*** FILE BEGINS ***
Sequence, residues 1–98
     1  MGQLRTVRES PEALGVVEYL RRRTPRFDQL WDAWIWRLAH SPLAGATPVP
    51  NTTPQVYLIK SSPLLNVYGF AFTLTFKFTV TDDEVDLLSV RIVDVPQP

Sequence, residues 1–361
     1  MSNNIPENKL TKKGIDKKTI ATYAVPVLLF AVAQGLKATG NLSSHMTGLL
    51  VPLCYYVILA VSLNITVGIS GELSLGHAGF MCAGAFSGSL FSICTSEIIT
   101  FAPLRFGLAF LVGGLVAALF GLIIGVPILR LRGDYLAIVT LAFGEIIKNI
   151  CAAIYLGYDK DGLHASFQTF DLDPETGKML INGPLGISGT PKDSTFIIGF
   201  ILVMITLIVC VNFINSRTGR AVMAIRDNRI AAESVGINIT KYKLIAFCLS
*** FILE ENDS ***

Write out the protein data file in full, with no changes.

Sequence, residues 1–98
     1  MGQLRTVRES PEALGVVEYL RRRTPRFDQL WDAWIWRLAH SPLAGATPVP
    51  NTTPQVYLIK SSPLLNVYGF AFTLTFKFTV TDDEVDLLSV RIVDVPQP

Sequence, residues 1–361
     1  MSNNIPENKL TKKGIDKKTI ATYAVPVLLF AVAQGLKATG NLSSHMTGLL
    51  VPLCYYVILA VSLNITVGIS GELSLGHAGF MCAGAFSGSL FSICTSEIIT
   101  FAPLRFGLAF LVGGLVAALF GLIIGVPILR LRGDYLAIVT LAFGEIIKNI
   151  CAAIYLGYDK DGLHASFQTF DLDPETGKML INGPLGISGT PKDSTFIIGF
   201  ILVMITLIVC VNFINSRTGR AVMAIRDNRI AAESVGINIT KYKLIAFCLS